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Journal of Personal Selling & Sales Management


Businesses face a challenge recruiting and maintaining a high-quality salesforce. Increasingly, recruiting focus for entry-level sales positions has turned to university business students and sales centers. Unfortunately, research shows that most students have persistent negative misconceptions about professional sales careers and there is little research examining comprehensive and structured decision-making frameworks used by students when evaluating a sales career. This paper develops and tests an integrative framework that maps students’ decision-making process to their intention to pursue a sales career. Specifically, we examine how perceived sales knowledge, perceptions of selling ethics, perceptions of salespeople, and perceptions of the selling profession impact their intent to pursue a sales career both pre- and post-exposure to sales professionals in the classroom. Utilizing structural equation modeling, we investigate the interactive relationships of these four areas (sales knowledge, selling ethics, salespeople, and the selling profession) on intent to pursue. Results show empirical evidence of how sales professionals affect the structural orientation of students’ intent to pursue a sales career and constructs hypothesized to impact this intent after only one interaction. The findings offer an opportunity for how businesses may increase student interest in both sales and their organization.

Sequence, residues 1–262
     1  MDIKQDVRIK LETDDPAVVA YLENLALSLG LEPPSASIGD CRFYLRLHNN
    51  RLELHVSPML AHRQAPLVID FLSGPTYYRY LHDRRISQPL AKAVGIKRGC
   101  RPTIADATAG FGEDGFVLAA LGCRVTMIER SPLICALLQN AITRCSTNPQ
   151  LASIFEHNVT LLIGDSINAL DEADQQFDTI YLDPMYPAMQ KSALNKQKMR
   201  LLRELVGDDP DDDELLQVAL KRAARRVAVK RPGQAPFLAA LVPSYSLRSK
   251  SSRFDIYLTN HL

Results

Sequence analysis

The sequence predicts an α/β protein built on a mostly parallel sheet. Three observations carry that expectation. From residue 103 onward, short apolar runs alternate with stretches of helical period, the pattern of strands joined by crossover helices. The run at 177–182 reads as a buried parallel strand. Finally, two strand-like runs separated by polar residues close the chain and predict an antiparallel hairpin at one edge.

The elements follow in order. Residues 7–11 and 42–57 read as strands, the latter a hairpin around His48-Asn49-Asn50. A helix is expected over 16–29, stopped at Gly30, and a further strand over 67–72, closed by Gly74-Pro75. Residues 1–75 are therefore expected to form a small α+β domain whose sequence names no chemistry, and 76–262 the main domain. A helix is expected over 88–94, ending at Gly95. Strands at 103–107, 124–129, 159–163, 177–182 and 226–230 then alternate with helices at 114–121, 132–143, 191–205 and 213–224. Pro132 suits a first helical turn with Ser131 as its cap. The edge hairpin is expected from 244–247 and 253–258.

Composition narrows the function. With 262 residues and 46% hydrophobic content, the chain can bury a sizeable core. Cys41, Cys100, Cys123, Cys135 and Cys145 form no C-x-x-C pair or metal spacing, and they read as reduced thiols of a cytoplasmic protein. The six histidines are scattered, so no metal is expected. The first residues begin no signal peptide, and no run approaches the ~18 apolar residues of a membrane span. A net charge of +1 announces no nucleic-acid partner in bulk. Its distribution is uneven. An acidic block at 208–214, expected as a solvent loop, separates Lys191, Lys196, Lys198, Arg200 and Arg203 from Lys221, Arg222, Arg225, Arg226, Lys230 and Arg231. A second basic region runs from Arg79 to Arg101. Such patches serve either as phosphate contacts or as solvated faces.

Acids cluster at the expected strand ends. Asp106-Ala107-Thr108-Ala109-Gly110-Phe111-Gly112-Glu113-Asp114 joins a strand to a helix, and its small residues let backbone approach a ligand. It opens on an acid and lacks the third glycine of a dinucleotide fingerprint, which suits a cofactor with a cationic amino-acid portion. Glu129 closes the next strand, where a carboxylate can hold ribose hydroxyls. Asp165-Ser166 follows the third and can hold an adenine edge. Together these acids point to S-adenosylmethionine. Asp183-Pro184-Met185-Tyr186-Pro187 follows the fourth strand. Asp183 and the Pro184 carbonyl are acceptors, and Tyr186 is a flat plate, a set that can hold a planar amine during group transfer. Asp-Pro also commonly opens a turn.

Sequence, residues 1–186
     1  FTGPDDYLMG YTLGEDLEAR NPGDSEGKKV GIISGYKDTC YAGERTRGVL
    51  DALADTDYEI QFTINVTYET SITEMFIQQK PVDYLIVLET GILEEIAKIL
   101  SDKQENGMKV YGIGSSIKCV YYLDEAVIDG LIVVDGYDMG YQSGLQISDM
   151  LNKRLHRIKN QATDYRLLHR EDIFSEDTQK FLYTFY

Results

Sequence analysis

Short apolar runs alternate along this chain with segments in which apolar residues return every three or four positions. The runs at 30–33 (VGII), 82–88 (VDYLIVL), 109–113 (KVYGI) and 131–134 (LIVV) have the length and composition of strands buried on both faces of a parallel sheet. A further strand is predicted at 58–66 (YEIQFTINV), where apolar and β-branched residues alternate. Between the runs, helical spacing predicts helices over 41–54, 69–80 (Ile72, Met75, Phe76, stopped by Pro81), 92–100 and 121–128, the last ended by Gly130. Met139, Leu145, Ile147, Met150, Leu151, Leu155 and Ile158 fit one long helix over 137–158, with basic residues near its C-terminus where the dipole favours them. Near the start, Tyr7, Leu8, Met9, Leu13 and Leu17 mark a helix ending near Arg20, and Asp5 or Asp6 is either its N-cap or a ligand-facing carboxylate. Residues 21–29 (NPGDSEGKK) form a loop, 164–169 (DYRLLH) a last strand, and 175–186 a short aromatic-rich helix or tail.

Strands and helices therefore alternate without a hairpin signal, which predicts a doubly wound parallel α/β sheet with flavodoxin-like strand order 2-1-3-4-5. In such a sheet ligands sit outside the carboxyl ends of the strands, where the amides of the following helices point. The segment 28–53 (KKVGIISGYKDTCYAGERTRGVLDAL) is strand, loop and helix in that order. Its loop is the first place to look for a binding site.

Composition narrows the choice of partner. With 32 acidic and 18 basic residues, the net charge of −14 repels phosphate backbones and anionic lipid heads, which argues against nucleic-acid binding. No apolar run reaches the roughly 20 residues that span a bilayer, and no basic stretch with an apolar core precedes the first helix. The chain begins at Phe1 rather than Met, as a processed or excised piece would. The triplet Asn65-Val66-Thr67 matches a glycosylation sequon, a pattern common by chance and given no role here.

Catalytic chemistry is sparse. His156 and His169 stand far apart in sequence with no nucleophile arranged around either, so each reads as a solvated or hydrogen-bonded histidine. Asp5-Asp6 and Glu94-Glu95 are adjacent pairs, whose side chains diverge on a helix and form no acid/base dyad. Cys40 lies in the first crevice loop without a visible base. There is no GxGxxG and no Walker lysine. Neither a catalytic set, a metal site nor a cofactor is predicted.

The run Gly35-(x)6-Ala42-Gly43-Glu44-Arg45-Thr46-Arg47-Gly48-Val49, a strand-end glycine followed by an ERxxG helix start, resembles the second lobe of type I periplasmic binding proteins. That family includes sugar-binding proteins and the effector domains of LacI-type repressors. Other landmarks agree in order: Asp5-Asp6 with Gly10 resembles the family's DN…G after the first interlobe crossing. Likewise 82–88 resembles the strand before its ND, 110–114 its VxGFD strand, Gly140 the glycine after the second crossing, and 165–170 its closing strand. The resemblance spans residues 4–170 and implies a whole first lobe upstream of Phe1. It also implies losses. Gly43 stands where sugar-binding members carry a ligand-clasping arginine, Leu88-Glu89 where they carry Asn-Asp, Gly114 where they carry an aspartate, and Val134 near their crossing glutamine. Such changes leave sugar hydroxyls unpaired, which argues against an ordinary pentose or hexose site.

This is an Accepted Manuscript of an article published by Taylor & Francis in Journal of Personal Selling & Sales Management on 2 September 2020, available online: